There’s more to participating in a conversation than planning what you’re going to say next.
You can read everything you can get your hands on about communication, but it’s mostly a skill you need to practice and experience to do well. Communicating well is especially hard when there are so many ways people share and create meaning.
Lately, I’ve been working on my communication skills. I quickly realized that learning to be a good, effective communicator takes time and practice. It’s not easy. It definitely doesn’t come naturally. Sometimes, my attempts make thingsreally awkward.
Where did I start? I, first, recalled discussions where I felt heard, respected, confident, and valued. I looked back on conversations or moments where I felt good — really good! I started by emulating the best strategies I experienced.
Here are the top 5 communication strategies I’ve found (and why we should all be using them!):
1. Using “I” Statements
“I” statements are “direct, honest, and promote accountability.” It may feel childish (seriously, we teach kindergartners this stuff), but it works! It’s easy to get caught up in how the other person feels in a conversation. Sometimes it can feel one-sided or aggressive. “I” statements can help!
For example, I’ve both heard and said something like this: “I feel X when you do Y. In the future, if you do A it would help me feel B.”
“I” statements change the tone of the conversation from one of blaming to one focused on you and how you’re feeling and experiencing someone else’s behavior.
2. Asking Clarifying Questions
Rather than assuming what someone means (which can make your head spin) when you’re not sure what they mean, ask!
I’ve experienced this best via writing but it works in person, too. It might sound like, “When I hear you say X, I think you mean Y. Is this true?” Or “What I’m hearing is X. Is this correct?”
When I’m approached this way, I felt like I the person I was speaking with was investing in me and our relationship. It also made our conversation more thoughtful since we were both conscientiously participating.
There’s more to participating in a conversation than planning what you’re going to say next. Listening — rather than just hearing — is essential to an effective discussion. Here’s a chance to hone both your empathic and active listening skills. It usually works best when you restate what you perceive the other person is saying.
I’ve experienced, “Oh, you just mentioned X and that made me think of Y.” I’ve also been asked, “I want to make sure I understand what you mean by X. Can you say more?”
When you listen with fervent curiosity and you’re completely present in the discussion, you show that you’re interested in more than just contributing your own thoughts in the dialogue. This can slow down, balance, and enhance a conversation. It is a powerful process to learn to listen to others and “grow” each others’ ideas!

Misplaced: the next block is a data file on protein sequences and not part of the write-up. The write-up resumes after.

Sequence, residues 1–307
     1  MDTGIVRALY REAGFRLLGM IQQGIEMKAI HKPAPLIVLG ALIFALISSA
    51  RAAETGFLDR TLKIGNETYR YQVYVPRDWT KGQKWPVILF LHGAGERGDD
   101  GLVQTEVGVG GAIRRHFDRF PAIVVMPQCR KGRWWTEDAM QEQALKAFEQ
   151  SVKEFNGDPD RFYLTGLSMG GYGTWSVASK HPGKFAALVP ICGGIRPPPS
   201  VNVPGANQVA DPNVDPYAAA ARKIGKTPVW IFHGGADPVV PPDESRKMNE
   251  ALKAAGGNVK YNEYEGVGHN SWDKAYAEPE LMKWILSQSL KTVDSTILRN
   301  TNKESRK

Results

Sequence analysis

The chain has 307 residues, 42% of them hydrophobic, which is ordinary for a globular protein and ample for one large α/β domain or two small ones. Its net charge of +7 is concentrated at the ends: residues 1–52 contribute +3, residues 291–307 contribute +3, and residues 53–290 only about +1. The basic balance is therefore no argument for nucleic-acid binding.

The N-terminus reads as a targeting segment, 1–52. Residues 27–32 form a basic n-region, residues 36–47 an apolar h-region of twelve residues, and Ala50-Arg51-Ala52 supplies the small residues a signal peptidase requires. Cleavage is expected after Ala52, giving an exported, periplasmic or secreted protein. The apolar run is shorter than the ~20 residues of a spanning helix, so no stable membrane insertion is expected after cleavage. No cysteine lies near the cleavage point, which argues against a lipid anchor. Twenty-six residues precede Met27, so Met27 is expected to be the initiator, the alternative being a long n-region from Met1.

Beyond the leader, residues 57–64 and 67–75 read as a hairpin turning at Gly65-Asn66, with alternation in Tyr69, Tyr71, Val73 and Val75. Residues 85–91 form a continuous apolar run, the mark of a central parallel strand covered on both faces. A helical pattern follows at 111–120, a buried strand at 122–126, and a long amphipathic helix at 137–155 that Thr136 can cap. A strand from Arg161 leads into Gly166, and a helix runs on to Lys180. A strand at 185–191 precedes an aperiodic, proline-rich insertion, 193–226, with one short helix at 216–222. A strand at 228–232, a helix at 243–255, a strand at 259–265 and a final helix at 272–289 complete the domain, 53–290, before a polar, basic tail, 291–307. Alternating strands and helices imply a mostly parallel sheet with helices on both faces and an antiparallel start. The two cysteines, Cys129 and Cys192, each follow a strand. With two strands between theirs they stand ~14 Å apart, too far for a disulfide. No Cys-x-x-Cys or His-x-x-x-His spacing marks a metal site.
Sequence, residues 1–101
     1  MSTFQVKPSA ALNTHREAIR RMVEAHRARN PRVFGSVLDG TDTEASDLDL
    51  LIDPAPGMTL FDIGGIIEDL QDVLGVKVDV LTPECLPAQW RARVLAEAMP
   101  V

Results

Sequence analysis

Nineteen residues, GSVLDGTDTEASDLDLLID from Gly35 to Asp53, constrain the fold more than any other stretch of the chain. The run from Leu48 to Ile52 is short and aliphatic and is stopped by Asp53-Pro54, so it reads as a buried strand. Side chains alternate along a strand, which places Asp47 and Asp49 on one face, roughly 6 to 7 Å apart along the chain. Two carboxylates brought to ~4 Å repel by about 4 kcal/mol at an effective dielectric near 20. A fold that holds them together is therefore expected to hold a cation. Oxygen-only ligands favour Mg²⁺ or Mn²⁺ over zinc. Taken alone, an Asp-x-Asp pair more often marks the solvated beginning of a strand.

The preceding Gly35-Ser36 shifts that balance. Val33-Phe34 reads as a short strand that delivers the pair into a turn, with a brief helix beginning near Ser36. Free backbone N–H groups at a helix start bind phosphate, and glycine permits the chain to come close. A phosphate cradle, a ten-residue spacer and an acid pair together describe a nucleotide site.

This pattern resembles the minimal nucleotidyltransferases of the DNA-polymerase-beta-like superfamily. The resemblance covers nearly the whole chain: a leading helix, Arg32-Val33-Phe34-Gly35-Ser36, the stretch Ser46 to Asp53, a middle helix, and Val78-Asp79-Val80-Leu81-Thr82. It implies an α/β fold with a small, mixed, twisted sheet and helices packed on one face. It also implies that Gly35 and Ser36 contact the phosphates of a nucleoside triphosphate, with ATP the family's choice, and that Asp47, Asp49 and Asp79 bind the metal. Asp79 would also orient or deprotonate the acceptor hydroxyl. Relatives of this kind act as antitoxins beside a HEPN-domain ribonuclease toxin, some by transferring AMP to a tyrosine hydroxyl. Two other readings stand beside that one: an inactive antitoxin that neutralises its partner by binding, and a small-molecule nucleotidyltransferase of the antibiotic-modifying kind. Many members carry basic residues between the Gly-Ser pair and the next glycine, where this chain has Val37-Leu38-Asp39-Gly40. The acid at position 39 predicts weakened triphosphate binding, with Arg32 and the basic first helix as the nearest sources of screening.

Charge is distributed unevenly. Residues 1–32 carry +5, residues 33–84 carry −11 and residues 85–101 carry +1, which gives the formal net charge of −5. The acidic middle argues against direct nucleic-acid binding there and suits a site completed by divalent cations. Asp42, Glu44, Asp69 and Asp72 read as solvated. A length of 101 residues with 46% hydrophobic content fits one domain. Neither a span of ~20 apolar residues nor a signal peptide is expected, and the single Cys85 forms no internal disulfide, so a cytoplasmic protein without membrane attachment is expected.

4. Being Open To Giving and Receiving Feedback
I get it — it’s really uncomfortable to accept critical feedback. But, if you’re open to hearing it, it can also be really influential.
I have experienced feedback in both academic and professional spaces. It’s been most meaningful when I have been asked how and if I would like to receive feedback. I’ve also appreciated being invited to share my perspectives too.
The best feedback I’ve received was accompanied by concise, action-oriented suggestions to improve a specific outcome. It made me feel like the other person was contributing to my success and growth.
5. Paying Attention To Nonverbal Communication
Have you ever asked someone “How are you?” and had them respond with, “Fine”? What does their body language (ex. crossed arms, looking down) tell you? While the statistics are often debated, consensus dictates that communication is more than simply what you say.
For example, tone of voice, inflection, and eye contact all contribute to a conversation (the same is true for emojis in texting/email).
This was most clear to me when my friend explained how my affect changed —“You lit up,” she said — when I talked about my undergraduate experiences.
Sometimes, our actions DO speak louder than our words. Considering nonverbal communication may help you better understand the signals the other person is sending and be more connected to what they’re really saying. It hinges on being attentive to what’s going on below the surface. Remember, this means being conscious of the signals you’re sending — yes, even the eye rolls.
Nobody becomes a great communicator overnight. Here’s what I suggest: Identify people in your life with whom you can practice these strategies. I found an outlet through writing and some great, trustworthy friends. An intentional practice is key to building on these strategies and, with time, you’ll strengthen your relationships in the process.